Tuesday, October 12, 2010

A Constitutional Tutorial - The Myth of Voting Rights

Yesterday, I made my selections on my absentee ballot in Ada Township precinct, in Michigan’s 3rd Congressional District and it brought to mind on how truly uneducated the majority of Americans are on voting.  Note, I did not speak of voting as my “civic duty” as I hear so many parrot from get-out-the-vote campaigns that encourage brain-dead block-voting in the traditions of Tammany Hall.  Voting is NOT a “civic duty” and it is NOT a right… mostly.
The supreme law of the United States is, of course, the US Constitution.  Surprisingly, to many, not one of the uses of the word “vote” in the entirety of the Constitution refers to individual citizens.  The US Constitution DOES NOT give the right to vote to anyone.  It, like in most matters, leaves the method of electing and selecting Congressional Representatives, Senators, and the President to the individual States’ legislatures.  The only inference it makes of what we term “popular vote,” the direct voting of the eligible population, is in the 17th Amendment that abolished the direct election of States’ Senators by their respective legislatures.  Instead, it provided for the State Senator to be “elected by the people” (incidentally, it is an amendment that many, myself included, view as inherently unconstitutional.  Reference Article 5 which states “and that no State, without its Consent, shall be deprived of its equal Suffrage in the Senate.”) (We the People).
Consequences of 'Democracy'
So, what does this mean to us?  It means that the common knowledge that voting is a right and by extension, that our form of government is a democracy (a form of government in which all citizens vote on everything) are pure and simple myths.  Why this has come to be is a matter of debate.  Some believe it is a strategy by modern liberals (Wilson to present) to water-down the constitution, weaken the individual states, strengthen the federal government, and empower the federal government by allowing the individual citizens the right to vote themselves entitlement after entitlement.  Some believe it is simply a dumbing down of education, over-simplifying everything.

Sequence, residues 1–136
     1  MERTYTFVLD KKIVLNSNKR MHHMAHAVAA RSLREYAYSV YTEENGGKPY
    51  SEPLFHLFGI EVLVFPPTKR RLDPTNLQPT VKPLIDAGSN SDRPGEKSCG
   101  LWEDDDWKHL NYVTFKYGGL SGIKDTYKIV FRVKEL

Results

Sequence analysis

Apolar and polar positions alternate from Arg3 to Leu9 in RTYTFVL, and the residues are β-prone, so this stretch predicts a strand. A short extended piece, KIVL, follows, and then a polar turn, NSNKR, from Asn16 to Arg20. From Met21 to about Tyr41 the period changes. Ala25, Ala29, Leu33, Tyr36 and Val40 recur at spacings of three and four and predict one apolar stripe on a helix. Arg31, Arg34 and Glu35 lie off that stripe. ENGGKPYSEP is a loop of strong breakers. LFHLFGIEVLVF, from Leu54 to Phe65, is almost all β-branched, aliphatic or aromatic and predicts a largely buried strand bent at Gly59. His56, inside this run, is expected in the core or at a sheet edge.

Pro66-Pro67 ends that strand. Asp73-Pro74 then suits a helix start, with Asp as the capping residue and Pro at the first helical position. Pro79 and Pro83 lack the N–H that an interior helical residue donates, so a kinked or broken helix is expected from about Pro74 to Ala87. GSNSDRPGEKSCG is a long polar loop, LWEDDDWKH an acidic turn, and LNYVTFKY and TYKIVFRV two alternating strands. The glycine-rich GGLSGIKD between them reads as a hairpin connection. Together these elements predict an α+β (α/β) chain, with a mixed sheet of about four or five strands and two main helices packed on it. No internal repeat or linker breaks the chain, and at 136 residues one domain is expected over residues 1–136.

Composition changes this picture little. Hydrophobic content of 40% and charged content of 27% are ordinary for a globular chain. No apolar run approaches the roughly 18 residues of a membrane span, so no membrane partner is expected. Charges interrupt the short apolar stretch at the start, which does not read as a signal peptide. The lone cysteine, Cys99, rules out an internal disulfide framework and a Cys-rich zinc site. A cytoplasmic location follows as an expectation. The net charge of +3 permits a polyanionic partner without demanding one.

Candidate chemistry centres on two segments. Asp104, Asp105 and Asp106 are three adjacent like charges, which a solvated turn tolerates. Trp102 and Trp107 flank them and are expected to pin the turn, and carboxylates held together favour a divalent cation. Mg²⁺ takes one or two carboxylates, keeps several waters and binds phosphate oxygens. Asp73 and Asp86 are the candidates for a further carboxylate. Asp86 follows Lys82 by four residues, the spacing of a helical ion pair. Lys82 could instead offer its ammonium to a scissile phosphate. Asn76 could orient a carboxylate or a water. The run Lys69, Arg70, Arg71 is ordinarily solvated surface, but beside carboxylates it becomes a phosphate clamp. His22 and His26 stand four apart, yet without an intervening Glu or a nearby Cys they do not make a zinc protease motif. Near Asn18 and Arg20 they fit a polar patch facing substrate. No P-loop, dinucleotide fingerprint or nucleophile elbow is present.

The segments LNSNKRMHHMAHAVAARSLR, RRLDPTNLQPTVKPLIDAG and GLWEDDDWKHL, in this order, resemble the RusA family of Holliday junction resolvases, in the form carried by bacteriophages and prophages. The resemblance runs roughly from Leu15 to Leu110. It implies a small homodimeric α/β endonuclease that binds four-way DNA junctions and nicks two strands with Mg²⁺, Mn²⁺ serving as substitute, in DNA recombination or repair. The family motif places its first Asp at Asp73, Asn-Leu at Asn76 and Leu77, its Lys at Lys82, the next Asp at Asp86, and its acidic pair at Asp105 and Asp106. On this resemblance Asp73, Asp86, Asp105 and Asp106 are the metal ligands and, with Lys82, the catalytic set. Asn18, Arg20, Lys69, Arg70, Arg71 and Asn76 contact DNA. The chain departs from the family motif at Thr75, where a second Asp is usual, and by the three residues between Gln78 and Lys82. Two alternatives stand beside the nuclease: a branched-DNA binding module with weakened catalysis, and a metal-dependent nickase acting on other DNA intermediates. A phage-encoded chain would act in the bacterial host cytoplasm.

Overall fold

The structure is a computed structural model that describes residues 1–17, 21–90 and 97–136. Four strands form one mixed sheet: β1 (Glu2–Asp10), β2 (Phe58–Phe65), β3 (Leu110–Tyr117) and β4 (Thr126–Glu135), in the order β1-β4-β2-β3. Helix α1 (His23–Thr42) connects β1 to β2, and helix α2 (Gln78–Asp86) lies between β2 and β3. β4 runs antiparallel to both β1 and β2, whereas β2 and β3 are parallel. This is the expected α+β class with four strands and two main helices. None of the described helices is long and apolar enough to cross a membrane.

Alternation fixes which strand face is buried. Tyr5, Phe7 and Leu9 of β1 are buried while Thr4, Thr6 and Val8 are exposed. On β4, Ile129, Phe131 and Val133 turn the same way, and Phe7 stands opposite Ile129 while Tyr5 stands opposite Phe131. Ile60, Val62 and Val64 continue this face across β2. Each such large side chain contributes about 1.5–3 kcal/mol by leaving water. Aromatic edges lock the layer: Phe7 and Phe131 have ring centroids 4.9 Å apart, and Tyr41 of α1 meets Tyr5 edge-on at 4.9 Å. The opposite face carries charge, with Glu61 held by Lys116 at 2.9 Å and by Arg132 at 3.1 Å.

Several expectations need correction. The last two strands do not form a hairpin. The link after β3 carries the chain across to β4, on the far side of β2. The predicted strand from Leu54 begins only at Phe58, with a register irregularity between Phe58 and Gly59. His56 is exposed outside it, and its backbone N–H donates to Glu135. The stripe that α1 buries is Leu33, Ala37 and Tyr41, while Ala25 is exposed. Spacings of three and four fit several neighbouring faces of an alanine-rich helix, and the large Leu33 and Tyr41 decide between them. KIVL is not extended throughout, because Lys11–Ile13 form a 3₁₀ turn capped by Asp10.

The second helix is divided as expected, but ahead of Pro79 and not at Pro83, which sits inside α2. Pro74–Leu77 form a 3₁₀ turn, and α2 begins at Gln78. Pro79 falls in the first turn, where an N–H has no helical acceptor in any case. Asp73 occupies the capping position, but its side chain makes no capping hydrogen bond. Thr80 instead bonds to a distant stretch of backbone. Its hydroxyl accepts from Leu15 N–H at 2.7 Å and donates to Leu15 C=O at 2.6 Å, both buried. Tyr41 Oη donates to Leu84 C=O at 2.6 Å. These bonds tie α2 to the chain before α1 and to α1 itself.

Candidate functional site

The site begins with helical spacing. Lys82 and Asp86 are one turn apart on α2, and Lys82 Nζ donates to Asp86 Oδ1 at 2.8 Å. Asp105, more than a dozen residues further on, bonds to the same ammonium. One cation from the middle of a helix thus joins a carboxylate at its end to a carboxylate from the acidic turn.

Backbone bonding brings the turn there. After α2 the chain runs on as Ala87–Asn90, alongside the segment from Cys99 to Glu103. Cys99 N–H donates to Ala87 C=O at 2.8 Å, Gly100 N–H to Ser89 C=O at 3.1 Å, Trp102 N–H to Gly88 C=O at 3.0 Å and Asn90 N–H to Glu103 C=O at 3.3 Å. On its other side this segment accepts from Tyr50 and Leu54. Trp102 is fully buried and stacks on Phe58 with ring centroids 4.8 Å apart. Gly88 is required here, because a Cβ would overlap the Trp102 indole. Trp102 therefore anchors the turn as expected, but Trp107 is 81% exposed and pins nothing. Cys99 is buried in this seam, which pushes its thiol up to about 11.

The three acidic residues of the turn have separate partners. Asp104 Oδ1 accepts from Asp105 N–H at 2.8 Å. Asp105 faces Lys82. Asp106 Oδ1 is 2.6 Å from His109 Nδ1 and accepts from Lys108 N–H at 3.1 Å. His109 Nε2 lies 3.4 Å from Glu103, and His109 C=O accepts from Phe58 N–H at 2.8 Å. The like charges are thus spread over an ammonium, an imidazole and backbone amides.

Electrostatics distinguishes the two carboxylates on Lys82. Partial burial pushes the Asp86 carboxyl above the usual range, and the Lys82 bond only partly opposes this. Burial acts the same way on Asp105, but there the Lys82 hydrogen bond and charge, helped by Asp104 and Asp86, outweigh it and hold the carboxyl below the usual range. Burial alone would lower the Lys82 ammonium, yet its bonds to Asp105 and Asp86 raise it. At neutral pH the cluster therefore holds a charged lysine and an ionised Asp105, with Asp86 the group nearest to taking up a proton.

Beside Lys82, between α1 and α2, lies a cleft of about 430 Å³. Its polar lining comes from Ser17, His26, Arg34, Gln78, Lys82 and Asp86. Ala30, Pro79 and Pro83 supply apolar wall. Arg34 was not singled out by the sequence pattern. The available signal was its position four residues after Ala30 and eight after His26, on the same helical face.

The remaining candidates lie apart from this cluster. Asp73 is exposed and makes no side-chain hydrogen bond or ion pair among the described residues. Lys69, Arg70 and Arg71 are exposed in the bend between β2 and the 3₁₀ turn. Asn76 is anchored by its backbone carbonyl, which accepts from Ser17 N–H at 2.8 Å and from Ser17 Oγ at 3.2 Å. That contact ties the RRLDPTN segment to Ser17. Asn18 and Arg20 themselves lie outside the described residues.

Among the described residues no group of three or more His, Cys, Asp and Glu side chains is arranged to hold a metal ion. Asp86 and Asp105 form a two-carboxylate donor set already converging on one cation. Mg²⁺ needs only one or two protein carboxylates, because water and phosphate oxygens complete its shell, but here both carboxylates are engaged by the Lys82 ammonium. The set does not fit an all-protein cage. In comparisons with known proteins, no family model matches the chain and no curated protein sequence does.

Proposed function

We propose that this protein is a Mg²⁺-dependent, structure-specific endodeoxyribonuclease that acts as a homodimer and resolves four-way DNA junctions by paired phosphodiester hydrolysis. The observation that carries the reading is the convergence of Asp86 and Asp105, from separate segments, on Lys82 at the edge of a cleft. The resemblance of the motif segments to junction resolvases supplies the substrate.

Regardless of the intent, the founders of this country viewed democracy with disdain.  Washington used the word democrat as a pejorative (Washington).  Madison said “Democracy is the most vile form of government... democracies have ever been spectacles of turbulence and contention: have ever been found incompatible with personal security or the rights of property: and have in general been as short in their lives as they have been violent in their deaths” (Madison).  Another apt quote is that “[democracies] can only exist until the voters discover that they can vote themselves largesse from the public treasury” (Tytler).
We as Americans must understand that our “inalienable rights” are neither granted to us by the US Federal Government, nor by the US Constitution.  They are granted us by God.  The founders of this country understood that and made that plain in the Declaration of Independence.  The Constitution and Federal Government that arose in 1787 established our Constitutional Republic that was designed to protect the peoples’ God-granted inalienable rights… primarily from government.
If you chose to participate in your individual state’s electoral procedure this November 2, take a minute to read the Constitution.  It’s only 4400 words long!  Think about what it means.  Think of how the individual you vote for to represent you in the US House of Representatives and/or the US Senate views that document.


Madison, James. "The Free Library." James Madison. 12 October 2010 http://madison.thefreelibrary.com/.

Tytler, Alexander. "The Truth About Tytler." 2003. LorenCollins.net. 12 October 2010 http://www.lorencollins.net/tytler.html.

Washington, George. "The Library of Congress." 30 September 1798. George Washington Papers at the Library of Congress, 1741-1799: Series 4. General Correspondence. 12 October 2010 http://memory.loc.gov/cgi-bin/ampage?collId=mgw4&fileName=gwpage113.db&recNum=107.

We the People. "Constitution for the United States of America." September 1787. Constitution for the United States of America. 12 October 2010 http://www.constitution.org/constit_.htm.

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